Photo Credit: Asher Schwartz

The eight vestments, including golden ones, are reserved for the High Priest, as regular Kohanim wear only 4 white garments. Wearing the 8 garments is so endemic to High Priesthood, that in the absence of “Shemen Hamishcha” the Kohen Gadol is inaugurated by dressing him up in the “Bigdei Zahav”. Still, on Yom Kippur, when he enters the Holy of Holies, the Kohen Gadol wears only linen. The Gemara (RH 26) famously offers, אין קטיגור נעשה בניגוד. Gold can never be totally free of association to the root of our national din, the Golden Calf. Semblance of iniquity is antithetical to the total purity of Yom Kippur.

Yerushalmi (Yoma 7:3) gives an additional opinion, encapsulated by the Pakuk, (Mishlei 25:6) “אל תתהדר לפני מלך” “Do not exalt yourself in the King’s presence”. Hubris, or indeed any expression of individuality, of the Kohen Gadol would be inappropriate in the Kodesh Kadashim as he represents the entire Jewish nation.

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The Yerushalmi then hints at a third opinion, explicated in Midrash Raba (Acharei 21:10).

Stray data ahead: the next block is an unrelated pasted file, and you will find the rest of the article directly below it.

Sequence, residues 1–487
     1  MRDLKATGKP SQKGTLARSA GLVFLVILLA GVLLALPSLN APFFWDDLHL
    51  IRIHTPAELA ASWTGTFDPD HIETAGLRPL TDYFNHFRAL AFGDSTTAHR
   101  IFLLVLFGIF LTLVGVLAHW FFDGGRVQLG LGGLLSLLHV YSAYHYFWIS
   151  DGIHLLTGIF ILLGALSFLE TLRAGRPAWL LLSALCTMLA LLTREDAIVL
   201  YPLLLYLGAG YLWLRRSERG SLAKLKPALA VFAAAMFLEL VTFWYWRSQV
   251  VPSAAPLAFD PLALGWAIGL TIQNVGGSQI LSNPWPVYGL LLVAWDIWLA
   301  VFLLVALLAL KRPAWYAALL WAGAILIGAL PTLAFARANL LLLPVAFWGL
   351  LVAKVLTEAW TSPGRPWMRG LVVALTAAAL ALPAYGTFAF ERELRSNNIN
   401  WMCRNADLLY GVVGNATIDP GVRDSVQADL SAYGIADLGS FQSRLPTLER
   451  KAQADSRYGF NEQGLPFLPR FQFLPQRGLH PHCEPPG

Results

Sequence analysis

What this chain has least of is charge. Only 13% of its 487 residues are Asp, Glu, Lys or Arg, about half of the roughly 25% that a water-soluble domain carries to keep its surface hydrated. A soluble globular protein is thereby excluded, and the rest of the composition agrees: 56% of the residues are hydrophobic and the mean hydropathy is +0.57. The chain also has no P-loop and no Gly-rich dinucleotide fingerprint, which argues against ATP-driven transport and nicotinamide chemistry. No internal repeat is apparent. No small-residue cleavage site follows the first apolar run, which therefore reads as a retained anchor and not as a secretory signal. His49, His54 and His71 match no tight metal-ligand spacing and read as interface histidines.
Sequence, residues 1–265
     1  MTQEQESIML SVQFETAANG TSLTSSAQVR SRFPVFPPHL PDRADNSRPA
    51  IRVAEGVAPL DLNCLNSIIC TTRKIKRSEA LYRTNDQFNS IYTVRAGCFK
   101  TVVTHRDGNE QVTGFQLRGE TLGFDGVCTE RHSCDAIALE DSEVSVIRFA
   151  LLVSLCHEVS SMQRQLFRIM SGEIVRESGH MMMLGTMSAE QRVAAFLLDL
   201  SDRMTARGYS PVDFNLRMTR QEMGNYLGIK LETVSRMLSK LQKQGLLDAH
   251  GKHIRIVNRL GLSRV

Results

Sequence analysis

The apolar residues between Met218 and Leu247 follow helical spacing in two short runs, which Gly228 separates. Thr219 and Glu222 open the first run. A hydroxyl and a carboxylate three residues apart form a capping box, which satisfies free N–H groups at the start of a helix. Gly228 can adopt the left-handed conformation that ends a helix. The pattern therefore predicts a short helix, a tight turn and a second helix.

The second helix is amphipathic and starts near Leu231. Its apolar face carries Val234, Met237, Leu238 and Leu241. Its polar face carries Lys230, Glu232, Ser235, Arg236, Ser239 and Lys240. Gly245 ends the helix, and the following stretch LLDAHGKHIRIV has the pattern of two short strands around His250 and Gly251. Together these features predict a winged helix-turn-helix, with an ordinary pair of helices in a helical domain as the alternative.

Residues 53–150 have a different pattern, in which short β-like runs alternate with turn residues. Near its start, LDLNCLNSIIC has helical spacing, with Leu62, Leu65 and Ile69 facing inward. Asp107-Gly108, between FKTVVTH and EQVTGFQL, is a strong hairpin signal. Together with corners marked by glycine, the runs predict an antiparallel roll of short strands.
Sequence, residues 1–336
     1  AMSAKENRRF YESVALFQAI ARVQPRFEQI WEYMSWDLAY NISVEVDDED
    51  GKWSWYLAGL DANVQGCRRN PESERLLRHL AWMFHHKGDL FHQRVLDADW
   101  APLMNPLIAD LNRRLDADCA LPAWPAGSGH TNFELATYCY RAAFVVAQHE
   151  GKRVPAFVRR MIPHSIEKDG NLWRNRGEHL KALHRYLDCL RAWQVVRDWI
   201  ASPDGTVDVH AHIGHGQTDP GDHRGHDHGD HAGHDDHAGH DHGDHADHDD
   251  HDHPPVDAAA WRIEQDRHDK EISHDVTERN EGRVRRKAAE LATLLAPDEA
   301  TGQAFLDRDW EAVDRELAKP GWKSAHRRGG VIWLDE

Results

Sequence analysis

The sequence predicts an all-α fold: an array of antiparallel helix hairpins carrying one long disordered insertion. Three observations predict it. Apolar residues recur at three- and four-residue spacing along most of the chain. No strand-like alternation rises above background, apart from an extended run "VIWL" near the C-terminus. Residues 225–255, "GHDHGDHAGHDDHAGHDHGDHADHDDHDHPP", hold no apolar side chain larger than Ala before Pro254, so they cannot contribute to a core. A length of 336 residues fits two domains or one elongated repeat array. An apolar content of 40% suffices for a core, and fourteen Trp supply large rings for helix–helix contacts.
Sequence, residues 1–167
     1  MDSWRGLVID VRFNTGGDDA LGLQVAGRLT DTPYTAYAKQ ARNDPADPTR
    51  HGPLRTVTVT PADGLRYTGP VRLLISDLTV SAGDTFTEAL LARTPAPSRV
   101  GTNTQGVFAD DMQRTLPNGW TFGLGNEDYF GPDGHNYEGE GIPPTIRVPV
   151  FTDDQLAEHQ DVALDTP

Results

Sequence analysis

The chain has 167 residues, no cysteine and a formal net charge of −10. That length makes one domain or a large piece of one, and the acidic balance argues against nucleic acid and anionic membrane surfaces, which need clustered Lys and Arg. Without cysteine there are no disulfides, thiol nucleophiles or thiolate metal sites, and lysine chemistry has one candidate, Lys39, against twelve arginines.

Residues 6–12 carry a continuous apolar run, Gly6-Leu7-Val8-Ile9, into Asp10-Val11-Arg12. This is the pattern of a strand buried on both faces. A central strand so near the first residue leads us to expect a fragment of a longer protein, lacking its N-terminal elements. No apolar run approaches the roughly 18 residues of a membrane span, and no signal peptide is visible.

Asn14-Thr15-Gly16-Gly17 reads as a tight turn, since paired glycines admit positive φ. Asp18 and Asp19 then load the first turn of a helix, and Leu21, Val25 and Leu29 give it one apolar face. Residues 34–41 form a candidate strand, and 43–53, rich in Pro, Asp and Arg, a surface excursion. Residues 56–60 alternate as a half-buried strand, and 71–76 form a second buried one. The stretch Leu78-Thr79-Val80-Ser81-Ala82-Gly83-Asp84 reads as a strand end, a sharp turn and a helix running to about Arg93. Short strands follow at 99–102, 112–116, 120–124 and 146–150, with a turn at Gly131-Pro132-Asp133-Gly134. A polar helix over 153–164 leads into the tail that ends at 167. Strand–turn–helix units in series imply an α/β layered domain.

“בשביל על ממונם של ישראל ”

As the vestments could not be used the following Yom Kippur by another Kohen Gadol, the cost of material and manufacture of new Begadim each year would be prohibitive.

Interestingly, we recently confronted the Torah’s concern for our property when instructing us to remove vessels from the plagued house (בית המנוגע).

It’s hard to imagine that R’ Levi, who offered this explanation, felt that this was THE reason for bigdei lavan. Still the message is clear. Hashem cares about our property.

We should also heed these lessons: Strive for perfection in purity, be consistent and humble, and care for the property of others.

Shabbat Shalom

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Rav Korn is a senior Rabbi at Yeshivat Netiv Aryeh